A few hours after Microsoftover Google's new privacy policies, the Web giant responded with a blog post noting that Microsoft has a similar policy regarding sharing customer data.
Betsy Masiello, a Google policy manager, took to the company's public policy blog to rebut "myths" that she says are being falsely spread in the wake of the Google's that allow the company to share user information across different services. And she specifically singled out Microsoft for stoking those fears, noting that its privacy policies state that "information collected through one Microsoft service may be combined with information obtained through other Microsoft services."
Masiello also pointed out that Google offers users tools to manage their privacy settings and retrieve data from its various services if they leave them, something, she says, Microsoft's products don't match.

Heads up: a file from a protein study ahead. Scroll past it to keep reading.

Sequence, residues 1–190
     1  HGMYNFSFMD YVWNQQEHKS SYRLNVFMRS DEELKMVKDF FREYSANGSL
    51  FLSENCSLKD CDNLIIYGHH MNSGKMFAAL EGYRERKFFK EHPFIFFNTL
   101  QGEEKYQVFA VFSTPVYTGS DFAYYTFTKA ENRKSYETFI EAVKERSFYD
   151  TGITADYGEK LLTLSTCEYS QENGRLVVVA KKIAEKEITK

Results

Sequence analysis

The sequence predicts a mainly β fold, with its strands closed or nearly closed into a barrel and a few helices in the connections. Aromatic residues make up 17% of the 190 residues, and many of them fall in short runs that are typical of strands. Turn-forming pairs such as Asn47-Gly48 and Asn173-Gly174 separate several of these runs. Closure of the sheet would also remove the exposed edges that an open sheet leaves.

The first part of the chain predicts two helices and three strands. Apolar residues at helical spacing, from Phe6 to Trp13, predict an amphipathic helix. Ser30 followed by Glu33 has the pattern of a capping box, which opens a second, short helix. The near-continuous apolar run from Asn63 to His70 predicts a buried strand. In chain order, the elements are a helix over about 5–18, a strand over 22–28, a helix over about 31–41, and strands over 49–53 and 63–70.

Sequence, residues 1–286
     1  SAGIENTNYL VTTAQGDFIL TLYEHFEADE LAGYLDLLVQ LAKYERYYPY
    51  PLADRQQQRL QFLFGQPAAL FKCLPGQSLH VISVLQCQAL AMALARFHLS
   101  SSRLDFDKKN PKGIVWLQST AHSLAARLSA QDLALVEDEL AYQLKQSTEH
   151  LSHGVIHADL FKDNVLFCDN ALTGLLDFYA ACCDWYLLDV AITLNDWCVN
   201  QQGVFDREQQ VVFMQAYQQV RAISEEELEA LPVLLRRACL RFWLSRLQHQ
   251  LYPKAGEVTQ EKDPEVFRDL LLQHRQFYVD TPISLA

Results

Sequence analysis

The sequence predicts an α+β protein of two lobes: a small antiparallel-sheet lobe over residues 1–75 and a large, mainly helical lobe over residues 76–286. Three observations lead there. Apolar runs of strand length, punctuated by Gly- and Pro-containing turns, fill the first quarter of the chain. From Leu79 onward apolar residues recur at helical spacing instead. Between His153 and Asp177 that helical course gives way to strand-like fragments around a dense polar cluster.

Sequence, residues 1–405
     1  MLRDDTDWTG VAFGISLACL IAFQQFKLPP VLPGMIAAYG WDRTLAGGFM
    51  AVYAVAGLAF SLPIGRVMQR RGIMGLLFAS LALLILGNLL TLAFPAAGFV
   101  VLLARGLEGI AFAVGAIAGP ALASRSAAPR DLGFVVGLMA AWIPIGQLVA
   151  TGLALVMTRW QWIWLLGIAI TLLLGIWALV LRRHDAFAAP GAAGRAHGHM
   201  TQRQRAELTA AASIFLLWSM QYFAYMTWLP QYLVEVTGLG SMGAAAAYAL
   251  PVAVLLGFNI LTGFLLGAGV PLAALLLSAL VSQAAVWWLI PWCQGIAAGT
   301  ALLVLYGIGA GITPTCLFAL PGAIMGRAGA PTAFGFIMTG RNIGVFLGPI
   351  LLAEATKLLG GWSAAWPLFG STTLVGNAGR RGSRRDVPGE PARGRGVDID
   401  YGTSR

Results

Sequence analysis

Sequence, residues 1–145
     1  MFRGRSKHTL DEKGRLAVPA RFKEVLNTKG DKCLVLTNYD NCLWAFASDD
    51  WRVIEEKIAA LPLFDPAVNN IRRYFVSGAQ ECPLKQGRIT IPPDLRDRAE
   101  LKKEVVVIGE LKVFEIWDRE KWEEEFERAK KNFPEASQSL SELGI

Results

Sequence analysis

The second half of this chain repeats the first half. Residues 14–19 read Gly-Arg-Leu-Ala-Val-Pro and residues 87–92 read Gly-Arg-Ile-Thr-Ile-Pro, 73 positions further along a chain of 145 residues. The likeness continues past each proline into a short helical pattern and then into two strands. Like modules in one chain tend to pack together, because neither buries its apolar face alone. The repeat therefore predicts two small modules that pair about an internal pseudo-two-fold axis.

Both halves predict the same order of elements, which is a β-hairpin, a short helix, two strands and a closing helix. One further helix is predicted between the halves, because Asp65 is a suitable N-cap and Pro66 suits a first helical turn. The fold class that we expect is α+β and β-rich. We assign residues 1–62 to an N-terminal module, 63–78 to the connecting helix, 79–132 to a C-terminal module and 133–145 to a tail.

"We've always believed the facts should inform our marketing--and that it's best to focus on our users rather than negative attacks on other companies," Masiello wrote.
In an e-mail exchange with ZDnet's Mary Jo Foley, Microsoft's top spokesman Frank X. Shaw noted that "there is a difference between policy and practice." Microsoft, he went on to say, doesn't read customers' e-mail, for example, though Google's reading of that mail is done by a computer, not a person, in order to target ads.
The tit-for-tat is nothing new to the two tech industry behemoths. Last summer,about who said what to whom in a patent dispute.